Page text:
The announcement comes over a year after the city denied the company’s certification because it didn’t meet greenhouse gas emissions reduction goals.

PORTLAND, Ore. — Portland city officials have approved Zenith Energy’s plan to phase out crude oil at its terminal and move to renewable fuels in the next five years.

The Portland Bureau of Development Services OK’d the company’s land use compatibility statement on Monday and said Zenith’s plans for its terminal now meet the city’s climate action goals, Oregon Public Broadcasting reported.

The announcement comes over a year after the city rejected the company’s certification because it didn’t meet greenhouse gas emissions reduction goals. The company has been planning to expand its operations since 2020 but needed a land-use certification from the city to move forward.

Zenith Energy’s oil terminal in Northwest Portland receives crude oil from trains, stores it in tanks and sends it via pipes to outgoing ships. The company plans to upgrade its facility to handle biofuel.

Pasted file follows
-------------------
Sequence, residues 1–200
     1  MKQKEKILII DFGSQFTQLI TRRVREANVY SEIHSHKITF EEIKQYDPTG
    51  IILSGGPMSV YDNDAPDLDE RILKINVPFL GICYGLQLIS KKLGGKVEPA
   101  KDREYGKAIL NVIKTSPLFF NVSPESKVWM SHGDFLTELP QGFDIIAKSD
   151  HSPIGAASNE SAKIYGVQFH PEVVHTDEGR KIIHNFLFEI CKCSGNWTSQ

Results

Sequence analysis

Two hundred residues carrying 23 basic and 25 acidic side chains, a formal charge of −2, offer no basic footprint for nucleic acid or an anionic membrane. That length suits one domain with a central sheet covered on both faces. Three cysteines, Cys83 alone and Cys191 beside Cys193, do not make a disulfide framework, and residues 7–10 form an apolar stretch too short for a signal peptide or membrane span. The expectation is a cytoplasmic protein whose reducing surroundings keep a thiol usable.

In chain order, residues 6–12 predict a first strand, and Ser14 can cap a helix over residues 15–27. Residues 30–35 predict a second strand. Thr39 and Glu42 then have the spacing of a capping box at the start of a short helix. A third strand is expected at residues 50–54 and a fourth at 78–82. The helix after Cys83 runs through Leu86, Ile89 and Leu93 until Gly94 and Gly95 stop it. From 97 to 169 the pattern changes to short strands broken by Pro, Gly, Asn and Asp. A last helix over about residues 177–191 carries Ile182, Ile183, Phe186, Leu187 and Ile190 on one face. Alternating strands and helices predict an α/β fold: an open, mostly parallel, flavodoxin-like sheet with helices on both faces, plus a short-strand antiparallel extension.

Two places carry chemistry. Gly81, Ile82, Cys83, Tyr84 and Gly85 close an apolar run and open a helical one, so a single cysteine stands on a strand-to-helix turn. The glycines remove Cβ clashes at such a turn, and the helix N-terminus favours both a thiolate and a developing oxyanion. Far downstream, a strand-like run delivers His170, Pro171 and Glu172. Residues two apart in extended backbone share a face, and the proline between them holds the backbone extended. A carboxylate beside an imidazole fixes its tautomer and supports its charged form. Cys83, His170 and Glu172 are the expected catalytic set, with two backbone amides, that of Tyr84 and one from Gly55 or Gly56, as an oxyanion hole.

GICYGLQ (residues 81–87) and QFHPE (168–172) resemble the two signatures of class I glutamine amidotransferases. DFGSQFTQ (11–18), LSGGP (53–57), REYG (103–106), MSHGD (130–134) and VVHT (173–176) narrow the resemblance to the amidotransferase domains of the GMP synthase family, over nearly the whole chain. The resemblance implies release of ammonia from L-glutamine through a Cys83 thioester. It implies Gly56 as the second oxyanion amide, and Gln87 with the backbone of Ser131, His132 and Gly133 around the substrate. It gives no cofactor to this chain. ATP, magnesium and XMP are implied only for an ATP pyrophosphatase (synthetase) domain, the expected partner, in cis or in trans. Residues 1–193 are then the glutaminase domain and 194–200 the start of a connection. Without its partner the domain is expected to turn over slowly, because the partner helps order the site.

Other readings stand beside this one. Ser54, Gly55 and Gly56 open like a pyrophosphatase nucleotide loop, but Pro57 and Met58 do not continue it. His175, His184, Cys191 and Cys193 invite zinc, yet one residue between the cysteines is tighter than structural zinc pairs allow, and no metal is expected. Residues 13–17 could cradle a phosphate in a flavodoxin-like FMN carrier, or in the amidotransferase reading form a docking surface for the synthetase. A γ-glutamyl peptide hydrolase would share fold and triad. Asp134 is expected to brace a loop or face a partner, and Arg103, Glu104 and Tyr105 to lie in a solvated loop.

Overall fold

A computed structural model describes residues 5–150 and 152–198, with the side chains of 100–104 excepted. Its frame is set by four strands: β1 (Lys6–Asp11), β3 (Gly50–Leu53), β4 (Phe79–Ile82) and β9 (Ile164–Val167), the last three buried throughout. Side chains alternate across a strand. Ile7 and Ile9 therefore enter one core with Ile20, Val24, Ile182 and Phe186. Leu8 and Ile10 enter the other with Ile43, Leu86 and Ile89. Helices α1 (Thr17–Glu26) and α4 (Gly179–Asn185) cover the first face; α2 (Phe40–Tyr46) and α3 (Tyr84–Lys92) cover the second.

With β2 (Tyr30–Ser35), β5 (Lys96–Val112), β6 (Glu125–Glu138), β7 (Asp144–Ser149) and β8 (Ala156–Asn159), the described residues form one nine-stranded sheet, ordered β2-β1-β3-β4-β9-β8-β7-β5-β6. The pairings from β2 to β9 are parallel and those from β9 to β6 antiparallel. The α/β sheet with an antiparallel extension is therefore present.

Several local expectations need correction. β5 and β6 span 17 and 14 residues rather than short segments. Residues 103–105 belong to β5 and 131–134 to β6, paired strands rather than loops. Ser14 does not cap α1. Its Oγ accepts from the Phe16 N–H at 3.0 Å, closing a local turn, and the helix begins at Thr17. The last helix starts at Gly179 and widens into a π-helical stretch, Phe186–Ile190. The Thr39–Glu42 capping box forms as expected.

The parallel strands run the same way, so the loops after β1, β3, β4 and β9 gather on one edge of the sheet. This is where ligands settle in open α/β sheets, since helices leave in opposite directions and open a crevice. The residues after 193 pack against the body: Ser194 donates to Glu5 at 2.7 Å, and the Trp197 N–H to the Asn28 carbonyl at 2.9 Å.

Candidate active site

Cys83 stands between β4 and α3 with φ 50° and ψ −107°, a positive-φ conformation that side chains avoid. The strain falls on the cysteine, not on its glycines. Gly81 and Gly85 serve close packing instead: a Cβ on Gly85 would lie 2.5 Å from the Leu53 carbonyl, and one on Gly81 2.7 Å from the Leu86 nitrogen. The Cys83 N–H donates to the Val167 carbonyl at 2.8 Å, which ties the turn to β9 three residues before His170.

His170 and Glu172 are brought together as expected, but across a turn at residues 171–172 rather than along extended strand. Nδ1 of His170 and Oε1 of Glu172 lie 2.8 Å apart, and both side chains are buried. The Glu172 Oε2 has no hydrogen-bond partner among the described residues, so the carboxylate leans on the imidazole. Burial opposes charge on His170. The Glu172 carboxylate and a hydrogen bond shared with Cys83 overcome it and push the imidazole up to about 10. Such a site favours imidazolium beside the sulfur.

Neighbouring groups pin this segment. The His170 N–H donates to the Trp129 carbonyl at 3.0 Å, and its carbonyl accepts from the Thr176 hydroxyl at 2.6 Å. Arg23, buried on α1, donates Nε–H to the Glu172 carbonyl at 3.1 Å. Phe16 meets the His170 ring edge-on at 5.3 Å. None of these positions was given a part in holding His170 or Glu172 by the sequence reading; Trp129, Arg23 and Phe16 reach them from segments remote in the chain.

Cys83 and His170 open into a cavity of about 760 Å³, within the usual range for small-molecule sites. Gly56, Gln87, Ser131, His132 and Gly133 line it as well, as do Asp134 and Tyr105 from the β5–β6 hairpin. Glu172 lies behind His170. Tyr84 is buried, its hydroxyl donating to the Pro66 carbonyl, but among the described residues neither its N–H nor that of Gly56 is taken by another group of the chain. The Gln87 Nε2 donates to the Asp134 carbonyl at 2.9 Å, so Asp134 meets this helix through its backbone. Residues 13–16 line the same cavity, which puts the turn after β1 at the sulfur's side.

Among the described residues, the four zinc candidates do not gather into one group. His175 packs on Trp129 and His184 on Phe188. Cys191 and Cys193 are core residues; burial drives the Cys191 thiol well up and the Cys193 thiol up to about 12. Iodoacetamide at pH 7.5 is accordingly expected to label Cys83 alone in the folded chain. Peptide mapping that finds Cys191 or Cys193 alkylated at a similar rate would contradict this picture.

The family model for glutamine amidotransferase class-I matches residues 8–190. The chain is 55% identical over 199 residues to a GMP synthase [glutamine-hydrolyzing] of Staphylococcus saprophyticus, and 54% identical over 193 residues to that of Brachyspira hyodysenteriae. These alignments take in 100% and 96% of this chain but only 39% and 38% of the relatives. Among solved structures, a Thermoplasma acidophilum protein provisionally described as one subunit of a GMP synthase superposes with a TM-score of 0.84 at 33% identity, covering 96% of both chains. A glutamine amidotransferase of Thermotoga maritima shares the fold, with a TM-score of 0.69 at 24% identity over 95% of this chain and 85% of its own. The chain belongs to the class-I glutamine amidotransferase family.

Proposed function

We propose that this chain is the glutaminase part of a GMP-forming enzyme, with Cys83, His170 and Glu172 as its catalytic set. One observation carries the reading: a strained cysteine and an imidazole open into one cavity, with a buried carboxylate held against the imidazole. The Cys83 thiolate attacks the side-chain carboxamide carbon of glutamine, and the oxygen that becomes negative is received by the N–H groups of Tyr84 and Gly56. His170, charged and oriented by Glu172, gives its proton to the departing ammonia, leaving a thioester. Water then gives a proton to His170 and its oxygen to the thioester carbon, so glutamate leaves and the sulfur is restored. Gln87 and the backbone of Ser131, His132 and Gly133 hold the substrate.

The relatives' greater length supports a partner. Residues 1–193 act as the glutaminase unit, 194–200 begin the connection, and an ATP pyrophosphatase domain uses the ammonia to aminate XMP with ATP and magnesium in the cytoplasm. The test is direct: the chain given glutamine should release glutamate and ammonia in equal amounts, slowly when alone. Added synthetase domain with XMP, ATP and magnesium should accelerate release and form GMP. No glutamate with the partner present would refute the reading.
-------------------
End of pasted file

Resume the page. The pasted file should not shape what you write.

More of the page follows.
RELATED: City of Portland denies Zenith Energy oil terminal expansion

The Texas-based fuel distributor said it will stop moving crude oil over the next five years, disable eight railcar spots and remove 30 storage tanks next to the Willamette River. Zenith also has agreed to allow city inspectors immediate access to the terminal upon request.

Portland City Commissioner Dan Ryan, who oversees the development services bureau, said the terms are a step in the right direction and he expects the company to comply.

Zenith Energy Vice President of U.S. Operations West Grady Reamer said the company is committed to leading Portland’s renewable fuel transition and will reduce its emissions by nearly 80%.

RELATED: Zenith Energy threatens to sue Portland over new pipes

“We can help the city achieve its greenhouse gas reduction goals and address climate change by transitioning 100% of our crude oil storage to renewable fuels,” Reamer said.

This is the third time the company has applied for a land-use certification to expand its Portland terminal. The city’s approval is needed before the Oregon Department of Environmental Quality will consider an air pollution permit the company needs to continue and expand its operations.

Dan Serres, conservation director for the environmental group the Columbia Riverkeeper, said there’s still a short-term risk of an oil train derailment like the one in 2016 in Mosier, Oregon.

“Zenith is still gambling with the health and safety of everyone who lives along the train route for another five years,” he said.



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